China* upside potential
Nevertheless, with different countries and industries jockeying for relief from tariffs, and with Biden saying that trade talks will take a “backseat” to a domestic recovery, we believe that changes to tariffs and overall US policies in relation to China will proceed somewhat slowly. These tariffs serve as a key bargaining chip with China, and we believe it is unlikely that Biden will simply give them up easily without concessions from the Middle Kingdom.
Therefore, while we anticipate that Biden will ultimately veer towards canceling the tariffs, we believe that the impact will likely be delayed to as late as 2022. A full cancellation of tariffs between the US and China would increase maritime oil demand by approximately 300,000 bpd.
Fuel economy and electric vehicle regulations
Biden’s election brings an end to Trump’s plan to decelerate proposed fuel economy increases from 2022 through 2026, from Obama’s standard of 4.7% per year to only 1.5% per year. However, there are reasons to doubt that Biden will immediately revert back to the Obama-era standards.
To start with, the US auto industry has been hit hard by the pandemic: sales fell by approximately 15% year-on-year to between 14.4 million and 14.6 million vehicle sales in 2020. Automakers may lack the R&D and marketing funds to achieve the Obama-era standards by as soon as 2022.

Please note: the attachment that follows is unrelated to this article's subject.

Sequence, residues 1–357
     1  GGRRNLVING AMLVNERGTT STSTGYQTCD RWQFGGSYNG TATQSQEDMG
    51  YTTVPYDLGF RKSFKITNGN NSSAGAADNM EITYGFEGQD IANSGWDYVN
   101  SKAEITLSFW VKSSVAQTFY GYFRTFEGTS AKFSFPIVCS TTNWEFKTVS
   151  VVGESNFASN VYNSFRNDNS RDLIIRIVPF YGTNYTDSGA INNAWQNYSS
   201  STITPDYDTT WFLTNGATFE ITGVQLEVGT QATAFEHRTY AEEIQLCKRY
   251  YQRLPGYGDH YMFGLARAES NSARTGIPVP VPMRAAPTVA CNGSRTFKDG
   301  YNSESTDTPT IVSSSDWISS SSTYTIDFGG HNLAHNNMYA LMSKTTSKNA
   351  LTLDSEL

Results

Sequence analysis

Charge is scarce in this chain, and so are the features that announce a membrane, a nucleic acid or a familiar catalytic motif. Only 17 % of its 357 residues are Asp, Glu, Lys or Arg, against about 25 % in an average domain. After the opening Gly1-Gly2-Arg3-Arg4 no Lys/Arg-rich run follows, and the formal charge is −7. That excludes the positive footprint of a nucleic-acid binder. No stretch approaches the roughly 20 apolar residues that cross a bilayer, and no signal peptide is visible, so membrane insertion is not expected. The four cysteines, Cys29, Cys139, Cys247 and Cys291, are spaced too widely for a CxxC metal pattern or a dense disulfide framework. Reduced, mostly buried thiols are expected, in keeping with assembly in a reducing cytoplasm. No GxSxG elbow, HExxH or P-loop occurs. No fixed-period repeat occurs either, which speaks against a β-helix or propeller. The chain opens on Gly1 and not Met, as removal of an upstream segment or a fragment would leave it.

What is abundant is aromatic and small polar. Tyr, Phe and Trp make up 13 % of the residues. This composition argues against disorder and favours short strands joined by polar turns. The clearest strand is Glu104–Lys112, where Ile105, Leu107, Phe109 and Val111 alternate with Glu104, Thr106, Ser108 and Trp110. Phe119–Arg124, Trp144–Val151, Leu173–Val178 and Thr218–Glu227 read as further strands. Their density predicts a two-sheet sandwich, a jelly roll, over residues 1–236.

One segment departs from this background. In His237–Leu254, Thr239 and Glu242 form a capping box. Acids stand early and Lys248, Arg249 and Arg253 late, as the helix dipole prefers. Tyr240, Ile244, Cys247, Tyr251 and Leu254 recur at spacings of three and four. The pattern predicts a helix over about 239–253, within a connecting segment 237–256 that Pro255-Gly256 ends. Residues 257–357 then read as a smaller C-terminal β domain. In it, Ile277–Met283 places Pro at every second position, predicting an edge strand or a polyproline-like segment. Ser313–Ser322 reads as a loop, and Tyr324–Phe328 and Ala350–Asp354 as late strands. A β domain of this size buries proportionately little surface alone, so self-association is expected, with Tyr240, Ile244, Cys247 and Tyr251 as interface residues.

Also, amid cheaper prices for gasoline, Americans appear to be gravitating towards light duty trucks, with such vehicles comprising 56% of vehicle sales in 2019, leading to a y/y decline in fuel economy. This lack of interest in sedans and other more fuel-efficient vehicles may make compliance with aggressive fuel economy standards (which involves purchasing credits from electric vehicle manufacturers like Tesla) much more costly for manufacturers.
Therefore, we expect that Biden will adopt the deal that California struck with several major automakers to increase fleet-wide efficiency to 51 mpg (versus 54.5 mpg under Obama and 40.4 mpg under Trump). Given that several major auto manufacturers have already agreed to (and theoretically likely have begun preparing for) these rules, we believe this could be an easy way for Biden to strike a compromise early on, while still achieving significant efficiency gains.
A full return to Obama-era standards would lead to approximately 500,000 bpd in lower oil demand by 2025 compared to a second Trump term. Under the California deal, we expect that the impact on oil demand would fall to approximately 370,000 bpd. Since several auto manufacturers had already agreed to this standard before the election, we have not revised our demand forecast downward due to these likely regulations. For 2025, at the moment we expect that the US will consume approximately 20.0 million bpd of oil products.
By Rystad Energy